Third, older more established companies are finally getting into the act as well, with Havells acquiring Promptech most recently. The primary motivation for them is their strong cash positions are now being put to use to move into newer markets quicker.
Fourth, raising follow on capital has become easier for the larger companies, (series D,E) from external investors such as Tiger Global, which gives them a war chest to be more aggressive and take some risky bets.
Fifth, many early stage companies are getting acquired by US companies keen to expand into the Indian market – e.g. Twitter acquired ZipDial to expand in India. Now that there’s a huge critical mass of Indian Internet users (on mobile), this makes a lot more sense for these large US companies.
Sixth, acqui-hires are becoming more attractive to US companies since they are looking for smart talent and it is easier for them to acquire a team in India and move them to the US than hire a team locally. For example Facebook acquired Little Eye Labs and Yahoo acquired BookPad.
Many may argue that we still dont have the “big” acquirers from the US that are significantly buying Indian startups yet, but given the maturity of the ecosystem, comparing India to Israel is going to be hard.
At the Lets Ignite event last week in Bangalore, I had an opportunity to meet a few entrepreneurs who have all recently raised between $90K to $250K (50L to 1.5 CR) in India over the last year.
The biggest change from 2+ years ago when I wrote about how to hack your seed round in India, is that the number of angel investors in India, has risen from about 300 to over 1000. Over 30% of these are active in any given year (meaning that they have made at least 1 investment in the calendar year in a startup).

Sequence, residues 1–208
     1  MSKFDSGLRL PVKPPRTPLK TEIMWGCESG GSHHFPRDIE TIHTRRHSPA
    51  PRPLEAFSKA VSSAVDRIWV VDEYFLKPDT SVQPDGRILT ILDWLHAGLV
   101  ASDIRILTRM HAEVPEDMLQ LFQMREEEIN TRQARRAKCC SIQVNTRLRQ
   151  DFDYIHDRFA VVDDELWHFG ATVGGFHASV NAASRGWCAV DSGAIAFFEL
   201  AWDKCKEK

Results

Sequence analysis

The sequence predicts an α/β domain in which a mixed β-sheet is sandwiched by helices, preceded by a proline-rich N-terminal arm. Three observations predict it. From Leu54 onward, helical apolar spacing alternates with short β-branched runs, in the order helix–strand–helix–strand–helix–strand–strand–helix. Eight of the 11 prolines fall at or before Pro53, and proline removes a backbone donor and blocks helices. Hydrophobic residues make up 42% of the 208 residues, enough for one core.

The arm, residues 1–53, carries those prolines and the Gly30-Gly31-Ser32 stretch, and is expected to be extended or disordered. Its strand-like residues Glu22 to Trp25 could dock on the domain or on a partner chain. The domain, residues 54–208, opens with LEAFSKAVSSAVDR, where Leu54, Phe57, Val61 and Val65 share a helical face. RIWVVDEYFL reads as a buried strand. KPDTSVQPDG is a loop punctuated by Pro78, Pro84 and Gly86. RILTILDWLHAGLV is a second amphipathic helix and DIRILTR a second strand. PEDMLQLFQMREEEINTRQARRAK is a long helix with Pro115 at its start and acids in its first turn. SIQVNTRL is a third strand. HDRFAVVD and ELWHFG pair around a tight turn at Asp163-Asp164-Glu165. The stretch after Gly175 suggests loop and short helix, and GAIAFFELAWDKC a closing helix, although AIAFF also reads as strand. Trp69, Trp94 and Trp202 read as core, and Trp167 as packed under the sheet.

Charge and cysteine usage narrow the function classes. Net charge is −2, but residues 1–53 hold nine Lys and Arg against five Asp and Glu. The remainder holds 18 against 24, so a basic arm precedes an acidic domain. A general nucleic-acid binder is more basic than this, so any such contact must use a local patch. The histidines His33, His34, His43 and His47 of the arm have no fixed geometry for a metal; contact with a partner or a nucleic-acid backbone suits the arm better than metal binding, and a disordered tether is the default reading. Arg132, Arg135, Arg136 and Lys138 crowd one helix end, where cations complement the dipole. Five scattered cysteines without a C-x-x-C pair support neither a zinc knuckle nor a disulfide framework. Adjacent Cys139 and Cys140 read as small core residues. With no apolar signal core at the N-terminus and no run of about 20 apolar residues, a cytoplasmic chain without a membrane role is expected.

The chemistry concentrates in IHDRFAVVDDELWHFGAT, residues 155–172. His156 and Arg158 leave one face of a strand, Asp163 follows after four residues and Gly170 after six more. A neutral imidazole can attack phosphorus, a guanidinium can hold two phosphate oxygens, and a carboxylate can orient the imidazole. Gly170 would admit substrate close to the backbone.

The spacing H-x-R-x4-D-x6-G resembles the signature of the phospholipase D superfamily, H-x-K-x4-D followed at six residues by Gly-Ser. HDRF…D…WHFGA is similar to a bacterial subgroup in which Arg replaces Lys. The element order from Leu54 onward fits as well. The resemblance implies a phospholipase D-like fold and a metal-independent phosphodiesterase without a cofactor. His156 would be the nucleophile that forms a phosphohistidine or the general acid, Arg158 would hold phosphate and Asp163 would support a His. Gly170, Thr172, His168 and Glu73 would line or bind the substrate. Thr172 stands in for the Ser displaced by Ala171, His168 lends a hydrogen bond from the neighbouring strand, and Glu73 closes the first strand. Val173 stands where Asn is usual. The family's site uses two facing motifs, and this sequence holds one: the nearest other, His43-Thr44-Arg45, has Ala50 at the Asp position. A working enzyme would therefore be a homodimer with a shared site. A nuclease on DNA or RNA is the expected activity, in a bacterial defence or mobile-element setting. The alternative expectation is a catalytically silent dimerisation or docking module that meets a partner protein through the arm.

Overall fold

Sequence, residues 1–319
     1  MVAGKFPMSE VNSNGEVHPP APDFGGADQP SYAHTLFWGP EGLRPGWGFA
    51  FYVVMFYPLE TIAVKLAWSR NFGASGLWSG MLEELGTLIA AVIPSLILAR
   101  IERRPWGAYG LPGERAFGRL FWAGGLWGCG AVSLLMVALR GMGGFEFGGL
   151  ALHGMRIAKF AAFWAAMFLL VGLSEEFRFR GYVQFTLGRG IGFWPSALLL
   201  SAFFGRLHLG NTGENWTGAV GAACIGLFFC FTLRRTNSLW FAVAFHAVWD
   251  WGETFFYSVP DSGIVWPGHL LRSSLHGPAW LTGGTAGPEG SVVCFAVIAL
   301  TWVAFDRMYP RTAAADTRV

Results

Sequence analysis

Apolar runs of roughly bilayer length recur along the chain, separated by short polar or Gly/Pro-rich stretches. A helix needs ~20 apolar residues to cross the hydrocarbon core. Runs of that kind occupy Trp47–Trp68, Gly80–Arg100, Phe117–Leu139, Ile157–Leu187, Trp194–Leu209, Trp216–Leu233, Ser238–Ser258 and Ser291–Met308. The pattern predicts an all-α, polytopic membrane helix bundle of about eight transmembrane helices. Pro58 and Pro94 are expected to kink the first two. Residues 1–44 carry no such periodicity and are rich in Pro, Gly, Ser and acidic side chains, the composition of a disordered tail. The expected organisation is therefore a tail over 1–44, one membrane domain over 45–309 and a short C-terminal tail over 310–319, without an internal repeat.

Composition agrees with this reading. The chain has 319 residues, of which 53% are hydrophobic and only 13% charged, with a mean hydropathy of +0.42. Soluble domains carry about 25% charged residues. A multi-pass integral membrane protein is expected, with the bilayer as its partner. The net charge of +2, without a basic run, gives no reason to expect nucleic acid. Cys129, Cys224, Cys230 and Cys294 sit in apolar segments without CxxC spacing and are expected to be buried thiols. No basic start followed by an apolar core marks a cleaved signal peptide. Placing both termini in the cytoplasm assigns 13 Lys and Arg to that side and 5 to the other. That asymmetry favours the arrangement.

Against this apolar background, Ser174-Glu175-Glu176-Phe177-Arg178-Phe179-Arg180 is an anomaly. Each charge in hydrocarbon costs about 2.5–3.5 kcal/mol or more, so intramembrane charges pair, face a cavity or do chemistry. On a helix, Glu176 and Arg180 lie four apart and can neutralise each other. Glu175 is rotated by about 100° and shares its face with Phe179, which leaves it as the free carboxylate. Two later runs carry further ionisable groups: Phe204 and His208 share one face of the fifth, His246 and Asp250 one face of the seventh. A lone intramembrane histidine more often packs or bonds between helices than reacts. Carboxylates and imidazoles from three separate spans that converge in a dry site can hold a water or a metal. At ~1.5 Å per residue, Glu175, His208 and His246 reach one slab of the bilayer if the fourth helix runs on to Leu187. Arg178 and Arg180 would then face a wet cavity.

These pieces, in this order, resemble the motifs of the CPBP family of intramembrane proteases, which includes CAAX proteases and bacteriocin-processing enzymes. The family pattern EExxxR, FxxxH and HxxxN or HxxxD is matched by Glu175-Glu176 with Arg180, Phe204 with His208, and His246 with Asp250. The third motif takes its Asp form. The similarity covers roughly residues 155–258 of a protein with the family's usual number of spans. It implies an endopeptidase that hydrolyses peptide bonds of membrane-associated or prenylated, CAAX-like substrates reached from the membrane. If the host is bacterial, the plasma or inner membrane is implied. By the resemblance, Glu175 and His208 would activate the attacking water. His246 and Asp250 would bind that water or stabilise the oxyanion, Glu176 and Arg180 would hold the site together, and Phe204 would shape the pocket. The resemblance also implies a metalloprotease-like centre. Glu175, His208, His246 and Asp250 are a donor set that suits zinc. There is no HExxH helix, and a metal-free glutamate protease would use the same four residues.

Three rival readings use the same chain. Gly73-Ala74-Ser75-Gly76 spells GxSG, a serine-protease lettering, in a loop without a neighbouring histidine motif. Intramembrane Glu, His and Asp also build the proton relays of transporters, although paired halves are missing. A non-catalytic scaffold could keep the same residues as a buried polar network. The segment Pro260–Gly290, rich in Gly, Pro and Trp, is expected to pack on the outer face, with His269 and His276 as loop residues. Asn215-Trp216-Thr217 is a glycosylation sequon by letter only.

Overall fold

Where did all these investors come from? According to the new investors who I spoke with:
1. Many are the first few employees at large successful startups such as InMobi, Flipkart, Myntra, Manthan etc. At least 3 startups I know of were exclusively funded by current Flipkart employees alone. They formed a syndicate of 10L each to put over 50L in one company alone. I have heard of InMobi employees taking to angel investing (small amounts of < INR 10L) as well.
2. Thanks to the 2 pages of daily startup coverage in the Economic times which has gone from 2 full time employees covering startups to over 13, many businessmen and women from other industries (retail in particular) have started to ask to get in on the action. Many of these folks come from older industries and are keen to diversify, invest and make some money as well. This was something I predicted 3 years ago as well – non technology investors are a key part of the tech angel investment community.